The Achilles tendon is one of the coolest tendons in the body.
While many body parts are named in Latin or Ancient Greek, the Achilles tendon draws its name directly from Greek mythology.
For those who don’t know the story:
Achilles was a hero in Greek mythology and one of the main characters that participated in the Trojan War. He was also the protagonist of Homer’s epic, the Iliad.
When Achilles was born, his mother wanted to make him immortal and thus, dipped him in the river Styx. However, she did not realise that his heel, by which she held him, was not touched by the waters, and so that was the only part of his body that remained mortal. (1)
Achilles was then struck down in battle by an arrow through his heel, or more accurately, his tendon, hence we name it the Achilles tendon.
The Achilles Tendon Is Strong
The job of a tendon is to transmit the force developed by a muscle to the bone to which it attaches. The Achilles tendon is one of the thickest and strongest in the body, and allows us to walk, run and jump efficiently. It’s almost like having our own springs in our legs. In fact, when we run, the Achilles tendon deals with forces up to 12.5 times our body weight – for me, currently weighing around 87 kg, that is 1087.5 kg!
But It Still Gets Injured
One of the most common forms of injury to the Achilles tendon is to develop an “overuse tendinopathy”.
An overuse tendinopathy, or more accurately, an overload tendinopathy, occurs when the loading on the tendon causes an increased rate of tissue breakdown, beyond which the body can keep up with. This results in inflammation, swelling and pain localised to the tendon.
Side note: all tissues in the body are in a constant state of breakdown and building, it’s when the rate of breakdown is increased beyond the body’s repair capacity, or the body’s repair capacity is impaired, that we see problems.
We Don’t Know Exactly Why
Researchers haven’t been able to isolate a single variable that causes Achilles tendinopathy (surprising eh?), but the following are implicated:
- Running (recreationally and competitively)
- Participation in other sports like track and field, racquet sports, volleyball and soccer
- Use of certain antibiotics (fluoriquines)
- Biomechanical issues at the feet
- Age, gender, height and weight
- Injury history, like previous ankle sprains
What we don’t know, is exactly what happens that makes the tendon painful.
We Don’t Even Know Why They Get Better
With Achilles tendinopathy, we will often see symptoms that correlate with structural changes early on in the clinical history, but as the condition progresses and goes on for longer, this correlation becomes weaker and weaker.
In fact, in many cases, it has been shown that diminished or even absent pain is accompanied by little to no structural change to the tendon!
We Do Know What NOT To Do
You’d think that simple rest would therefore be best for an Achilles tendinopathy, however, that’s not the case. Too much rest and we lose conditioning of the tissues, and thus our capacity is reduced, leading to recurrence, only this time it takes less and less loading to aggravate.
We also know that taking anti-inflammatory drugs is not the best approach either. Firstly, there isn’t strong evidence to suggest inflammation is the primary cause of pain. Secondly, anti-inflammatory drugs have side effects. Thirdly, anti-inflammatory drugs can impair healing.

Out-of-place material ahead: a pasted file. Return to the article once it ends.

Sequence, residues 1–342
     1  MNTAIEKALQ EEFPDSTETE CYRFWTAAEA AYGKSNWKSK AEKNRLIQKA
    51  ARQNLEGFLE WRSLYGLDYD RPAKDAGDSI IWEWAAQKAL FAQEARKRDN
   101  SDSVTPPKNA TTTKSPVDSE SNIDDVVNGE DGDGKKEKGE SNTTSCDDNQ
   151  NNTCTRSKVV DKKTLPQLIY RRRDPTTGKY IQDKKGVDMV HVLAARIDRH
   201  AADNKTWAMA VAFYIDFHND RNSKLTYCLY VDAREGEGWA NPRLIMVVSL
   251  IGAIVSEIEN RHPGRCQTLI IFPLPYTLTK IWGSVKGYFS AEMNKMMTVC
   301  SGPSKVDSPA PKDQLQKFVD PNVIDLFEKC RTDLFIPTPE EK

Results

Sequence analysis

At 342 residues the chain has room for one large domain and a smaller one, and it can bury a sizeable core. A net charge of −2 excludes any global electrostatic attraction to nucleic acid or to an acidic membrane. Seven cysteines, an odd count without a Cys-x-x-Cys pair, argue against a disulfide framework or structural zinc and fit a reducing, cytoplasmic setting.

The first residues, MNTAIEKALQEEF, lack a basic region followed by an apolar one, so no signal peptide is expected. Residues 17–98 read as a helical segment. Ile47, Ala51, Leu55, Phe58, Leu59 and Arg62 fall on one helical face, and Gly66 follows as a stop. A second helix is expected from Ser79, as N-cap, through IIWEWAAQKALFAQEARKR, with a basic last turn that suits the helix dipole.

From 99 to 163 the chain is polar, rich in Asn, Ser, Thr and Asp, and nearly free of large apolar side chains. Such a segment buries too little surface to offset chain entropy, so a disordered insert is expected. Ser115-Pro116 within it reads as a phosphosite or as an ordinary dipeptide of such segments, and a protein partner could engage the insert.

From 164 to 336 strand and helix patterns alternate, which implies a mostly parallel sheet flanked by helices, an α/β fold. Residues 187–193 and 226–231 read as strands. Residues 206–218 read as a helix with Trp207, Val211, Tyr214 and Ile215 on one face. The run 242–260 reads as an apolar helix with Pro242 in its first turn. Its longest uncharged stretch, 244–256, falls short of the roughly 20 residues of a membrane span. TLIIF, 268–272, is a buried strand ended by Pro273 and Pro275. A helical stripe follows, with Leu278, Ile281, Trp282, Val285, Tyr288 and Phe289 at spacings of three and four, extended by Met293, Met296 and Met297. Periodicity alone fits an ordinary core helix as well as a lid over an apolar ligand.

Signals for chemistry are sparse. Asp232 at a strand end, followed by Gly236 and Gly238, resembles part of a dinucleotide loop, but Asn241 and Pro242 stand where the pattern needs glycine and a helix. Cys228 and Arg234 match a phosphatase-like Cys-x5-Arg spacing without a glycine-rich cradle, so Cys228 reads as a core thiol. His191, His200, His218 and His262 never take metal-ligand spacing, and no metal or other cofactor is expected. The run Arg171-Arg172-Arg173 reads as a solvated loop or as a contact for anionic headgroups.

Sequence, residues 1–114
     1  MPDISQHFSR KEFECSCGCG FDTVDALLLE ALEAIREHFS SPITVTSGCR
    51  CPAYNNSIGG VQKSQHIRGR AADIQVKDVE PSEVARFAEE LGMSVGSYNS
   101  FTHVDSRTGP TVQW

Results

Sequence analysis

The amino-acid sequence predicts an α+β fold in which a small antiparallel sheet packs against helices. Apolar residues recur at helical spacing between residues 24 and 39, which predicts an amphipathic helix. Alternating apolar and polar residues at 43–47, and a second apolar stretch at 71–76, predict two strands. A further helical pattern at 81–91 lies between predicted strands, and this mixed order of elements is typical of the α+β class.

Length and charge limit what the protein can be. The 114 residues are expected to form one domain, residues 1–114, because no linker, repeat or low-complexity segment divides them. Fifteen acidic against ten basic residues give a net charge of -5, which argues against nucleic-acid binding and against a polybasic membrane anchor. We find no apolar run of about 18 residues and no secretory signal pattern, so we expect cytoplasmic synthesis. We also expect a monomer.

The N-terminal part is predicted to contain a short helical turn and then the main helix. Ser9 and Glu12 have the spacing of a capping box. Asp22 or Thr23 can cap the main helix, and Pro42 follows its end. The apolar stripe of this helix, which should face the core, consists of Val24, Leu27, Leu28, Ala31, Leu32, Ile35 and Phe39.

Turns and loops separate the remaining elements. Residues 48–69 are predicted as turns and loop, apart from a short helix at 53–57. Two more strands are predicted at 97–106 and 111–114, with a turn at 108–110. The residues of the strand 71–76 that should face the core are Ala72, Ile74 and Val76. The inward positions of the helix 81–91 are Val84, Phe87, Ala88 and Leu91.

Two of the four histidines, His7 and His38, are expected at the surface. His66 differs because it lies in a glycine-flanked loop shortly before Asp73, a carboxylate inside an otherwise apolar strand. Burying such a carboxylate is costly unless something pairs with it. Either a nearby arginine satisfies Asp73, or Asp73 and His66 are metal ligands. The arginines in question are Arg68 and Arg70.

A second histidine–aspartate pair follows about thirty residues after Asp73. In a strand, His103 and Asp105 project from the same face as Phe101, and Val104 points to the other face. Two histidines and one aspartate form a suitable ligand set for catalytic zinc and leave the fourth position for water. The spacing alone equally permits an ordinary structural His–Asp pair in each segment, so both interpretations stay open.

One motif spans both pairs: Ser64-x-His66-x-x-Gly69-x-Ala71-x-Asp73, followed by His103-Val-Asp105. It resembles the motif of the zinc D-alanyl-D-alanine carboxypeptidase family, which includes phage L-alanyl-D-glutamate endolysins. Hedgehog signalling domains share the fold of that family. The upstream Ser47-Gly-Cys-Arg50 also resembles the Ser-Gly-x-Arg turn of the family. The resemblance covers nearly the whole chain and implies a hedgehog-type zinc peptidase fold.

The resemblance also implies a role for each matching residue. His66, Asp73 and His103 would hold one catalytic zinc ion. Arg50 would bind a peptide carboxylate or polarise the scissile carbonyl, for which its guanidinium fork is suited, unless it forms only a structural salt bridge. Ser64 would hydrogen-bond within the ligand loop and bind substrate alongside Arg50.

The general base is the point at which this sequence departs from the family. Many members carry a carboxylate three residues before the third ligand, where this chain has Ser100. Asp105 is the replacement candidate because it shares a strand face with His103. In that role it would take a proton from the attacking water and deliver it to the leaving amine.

Stretching tendons also gets a bad rap, though I’m not sure why this is a blanket no. Some tendon injuries respond to being stretched (it’s simply a form of load), while others do not. You’ll see why below.
We Also Know What Works
In the physiotherapy world, where much of the research on tendinopathies is done, load management strategies combined with targeted exercises are currently the treatment with the best supporting evidence.
The actual type and dosing of the exercises has not been fully established, though we do know that you can push the loading higher than you would expect, even if it is painful.
You can use different types of exercises:
- Eccentric where you load the lengthening portion of movement
- Isometric: where you load the tendon without lengthening or shortening it
- Concentric/Eccentric: where you load the tendon in a full range of motion (lengthening and shortening)
To my knowledge, the best approach has not been established in research, and in my experience, different people respond better to different approaches.
This might have something to do with some recent research that suggests there are different types of tendinopathy: compressive, shear and friction, and tensile.
As the names suggest, these imply that the tendinopathy occurs as a result of different types of tendon loading, which makes sense to me. It also makes sense that if there are different aggravating loads, the exercises which have the most benefit will also differ.
The evidence suggests avoid those loading mechanisms which are aggravating (load management), whilst stimulating the tendon with loads that don’t aggravate it.
For most people, isometrics are a good, neutral, place to start.
You can do these in a variety of ways, but one of the most accessible is to sit with your thighs under a table and feet on a block, then press your thighs into the table by raising your heels. You want to be about 70% of your maximum contraction, at least to begin with. Hold that contraction for up to 45 seconds (though I will often break it down to 3×15 second holds per set). Over time you can increase the intensity of the contraction and then progress to dynamic loading.
Sometimes exercises will hurt while you do them. That’s okay. As long as your pain doesn’t spike, or get really bad afterwards, you are stressing the tissues in a positive way.
Hands On Treatment?
This is something I learnt from my colleague, osteopath Cameron Kealy who runs Recharge Osteopathy in Melbourne, along with teaching at Victoria University.
There aren’t any studies (to my knowledge on this), just clinical observations.